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Re: [XTalk]

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  • LARRY SWAIN
    ... It seems to me that anyone writing after the very populat Protoevangelium of James knew who James father was, and Irenaeus and Tatian were certainly
    Message 1 of 4 , Nov 4, 2002
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      Dr. Eisenman states:

      > This inscription seems pointed not at an ancient
      > audience, who would have
      > known who James (or Jacob, his Hebrew/Aramaic name)
      > was, but at a modern
      > one. If this box had simply said "Jacob the son of
      > Joseph," it might pass
      > muster. But ancient sources are not clear on who
      > this Jacob's father really
      > was. If the inscription had said "James the son of
      > Cleophas," "Clopas or
      > even "Alphaeus" (all three probably being
      > interchangeable), I would have
      > jumped for joy. But Joseph? This is what a modern
      > audience, schooled in the
      > Gospels, would expect, not an ancient one.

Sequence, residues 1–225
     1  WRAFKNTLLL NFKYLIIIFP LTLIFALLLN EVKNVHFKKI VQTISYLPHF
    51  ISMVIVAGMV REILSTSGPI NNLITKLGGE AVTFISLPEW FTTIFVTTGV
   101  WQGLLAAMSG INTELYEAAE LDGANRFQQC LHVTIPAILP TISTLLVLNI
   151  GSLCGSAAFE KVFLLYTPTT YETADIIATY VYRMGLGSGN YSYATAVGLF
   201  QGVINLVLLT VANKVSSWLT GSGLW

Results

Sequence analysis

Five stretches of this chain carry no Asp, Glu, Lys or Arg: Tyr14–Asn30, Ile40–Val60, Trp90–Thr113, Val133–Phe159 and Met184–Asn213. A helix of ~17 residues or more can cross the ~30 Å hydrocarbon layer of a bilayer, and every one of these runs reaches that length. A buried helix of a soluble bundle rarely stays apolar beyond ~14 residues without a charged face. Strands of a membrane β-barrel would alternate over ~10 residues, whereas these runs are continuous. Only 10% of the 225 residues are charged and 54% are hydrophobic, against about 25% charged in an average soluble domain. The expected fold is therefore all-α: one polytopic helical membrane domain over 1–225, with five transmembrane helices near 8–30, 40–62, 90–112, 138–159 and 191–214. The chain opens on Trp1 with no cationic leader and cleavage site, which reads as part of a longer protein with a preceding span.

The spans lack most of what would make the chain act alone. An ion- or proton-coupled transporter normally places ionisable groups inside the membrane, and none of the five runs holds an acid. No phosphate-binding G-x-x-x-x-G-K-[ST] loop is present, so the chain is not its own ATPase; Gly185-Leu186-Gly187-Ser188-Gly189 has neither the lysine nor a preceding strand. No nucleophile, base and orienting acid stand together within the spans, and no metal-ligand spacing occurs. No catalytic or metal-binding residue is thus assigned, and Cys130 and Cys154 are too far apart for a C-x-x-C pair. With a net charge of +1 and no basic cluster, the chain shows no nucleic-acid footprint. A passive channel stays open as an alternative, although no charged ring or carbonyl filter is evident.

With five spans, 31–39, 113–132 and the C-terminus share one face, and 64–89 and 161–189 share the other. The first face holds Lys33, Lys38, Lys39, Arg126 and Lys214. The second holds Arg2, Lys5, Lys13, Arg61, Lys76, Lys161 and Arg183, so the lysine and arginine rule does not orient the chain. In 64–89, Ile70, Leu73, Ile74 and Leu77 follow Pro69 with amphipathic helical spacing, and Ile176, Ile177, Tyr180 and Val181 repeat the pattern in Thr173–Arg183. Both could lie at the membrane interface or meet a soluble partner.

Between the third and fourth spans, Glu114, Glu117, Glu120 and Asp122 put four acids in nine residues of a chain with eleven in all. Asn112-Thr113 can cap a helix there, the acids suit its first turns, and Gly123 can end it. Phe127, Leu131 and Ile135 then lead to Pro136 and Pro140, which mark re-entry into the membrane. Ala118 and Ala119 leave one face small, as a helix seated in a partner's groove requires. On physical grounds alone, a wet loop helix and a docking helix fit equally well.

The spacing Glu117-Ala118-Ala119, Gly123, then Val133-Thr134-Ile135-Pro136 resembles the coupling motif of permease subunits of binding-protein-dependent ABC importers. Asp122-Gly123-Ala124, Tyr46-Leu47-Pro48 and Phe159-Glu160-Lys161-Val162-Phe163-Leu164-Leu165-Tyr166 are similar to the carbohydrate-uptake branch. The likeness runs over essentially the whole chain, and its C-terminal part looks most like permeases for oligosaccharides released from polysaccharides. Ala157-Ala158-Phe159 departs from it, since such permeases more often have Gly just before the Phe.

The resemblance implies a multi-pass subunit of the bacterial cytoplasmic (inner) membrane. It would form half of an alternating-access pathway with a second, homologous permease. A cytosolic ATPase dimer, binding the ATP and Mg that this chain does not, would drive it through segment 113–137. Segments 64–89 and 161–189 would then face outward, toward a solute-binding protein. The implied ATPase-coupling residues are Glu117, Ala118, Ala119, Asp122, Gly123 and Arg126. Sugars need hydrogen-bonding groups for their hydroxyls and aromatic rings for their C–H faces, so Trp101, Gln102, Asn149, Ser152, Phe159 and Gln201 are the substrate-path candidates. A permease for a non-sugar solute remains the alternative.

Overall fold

It seems to me that anyone writing after the very
      populat Protoevangelium of James knew who James'
      father was, and
      Irenaeus and Tatian were certainly intimate with the
      contents of the gospels. I don't think we need poswit
      a "modern" audience. It would also seem to me that
      the popular Protoevangelium is reporting an even
      earlier tradition about James' parentage that would
      take us back into the first century. We haven't even
      considered the popularity of Matthew and Luke in
      naming Joseph, and the natural assumption that
      "brother" means of the same parentage-usually father.
      So I don't think that we eed to think of a "modern"
      audience as the target, or even necessarily a post
      first century one on these grounds.

      Larry Swain
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